Saturday, February 27, 2016

One of those guys

I have become one of those guys. One of those guys that wonder how long they have to wait until their REI dividend check shows up.

I’ve hit pause on my GAS this year. A moratorium is in effect. No new camera bodies until 2017 rolls around on the calendar. There is one exception, but it is something I was looking at buying last year and I never found a good one. I’m not going to identify what it is, since every time I say “I want X” the price of X triples. Also, lenses are OK to get under this rule, so I can still exercise that particular demon. But this year I’m concentrating on two other things.

First, I’m getting out there more. And making that happen is going to need some new gear. Namely, it’s time to retire the unbranded mystery tent of great crappyness. Although, that tent has been a good lesson on what not to buy. It has a lousy rain fly, it lacks ventilation, it’s heavy. It was cheap when I didn’t have a lot of cash, and it has a good vestibule, but that’s all I can say about it that’s positive. So this year, a new place to crash in the back country will make getting out more fun.

shoot-512Second, I’m turning a more critical eye on the work I am producing. On both ends of the process. I am going to choose where I shoot with more forethought. While there’s nothing wrong with happening on to something by accident, I’m going to stop counting on that happening. It’s caused me to come home empty-handed more than once. I’m also paying more attention to my development, changing my agitation strategy and paying more attention to temperature control. And as for scanning, well, I’m using the same scanner, but I’m changing almost everything else.

So, the refusal to be stagnant this winter is turning in to a full-time job. But I’m not only going to get good things from it, I’m going to come out on the other side in far better shape and ready to run though spring at full throttle.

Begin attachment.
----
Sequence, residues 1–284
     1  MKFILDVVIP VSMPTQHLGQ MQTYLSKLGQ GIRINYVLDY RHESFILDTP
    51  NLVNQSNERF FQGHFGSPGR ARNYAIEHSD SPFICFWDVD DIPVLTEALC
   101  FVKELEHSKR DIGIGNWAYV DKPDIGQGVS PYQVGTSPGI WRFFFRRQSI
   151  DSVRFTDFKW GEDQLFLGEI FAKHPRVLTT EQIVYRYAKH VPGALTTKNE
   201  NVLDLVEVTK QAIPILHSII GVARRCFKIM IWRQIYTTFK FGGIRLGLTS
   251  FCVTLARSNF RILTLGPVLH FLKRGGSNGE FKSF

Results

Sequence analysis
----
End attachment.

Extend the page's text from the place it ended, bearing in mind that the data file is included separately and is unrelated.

Creation over consumption. Not just a plan, but action.

One of those guys

Saturday, February 20, 2016

Making plans like the stream in winter

This winter has been more busy than most. I’m finding myself spending as much time as I can outside, hiking more than usual to stay as fit as I can, and trying to be as diligent as I can working on projects. I’m trying to be the stream this winter, and not the ice.

I’m not always hitting my goal of at least 1,500 words a week on one of the ongoing writing projects, but most weeks I am close. I’m making a cut on final images for another project, and in the process I am becoming better at scanning. I’m making steps toward starting a new project involving portraiture, but with little to show for it so far. But nice constant progress is afoot, and there is nothing more exciting than that.

Of course, there was an off-hand discussion on Twitter a little while back, and now I’m looking in to another little project.

It’s no secret I love the state I live in. I chose it to make my home, and I wouldn’t live much of anywhere else. For the first time, I’ve found a place I belong, instead of feeling stuck somewhere. I’m pretty bad at beating the gong about the place as well. So when a random comment I made about getting together a photographic expedition in the state was well received, I started to put a little time in to planning.

shoot-510My beloved knows I do love to plan. She’ll always know something is afoot when the obscure Internet searches begin. Then maps will get drug out. There will be specific books referenced. I think the process amuses her.

It’s still early. There are a lot of variables. Should it be a vehicle accessible only tour so the large format guys don’t get a hernia moving gear around? Should there be some hiking? Should it concentrate on natural beauty in forests and mountains, or should there be ghost towns and abandoned mines thrown in there? Stay in small town hotels, or camp out? Climb high or shoot up to get vistas? Time it for peak wildflowers or peak fall foliage?

Narrowing down variables and doing the scouting legwork is fun. And on top of that, it’s making it easier this winter to not become the frozen water, but keep being the moving water.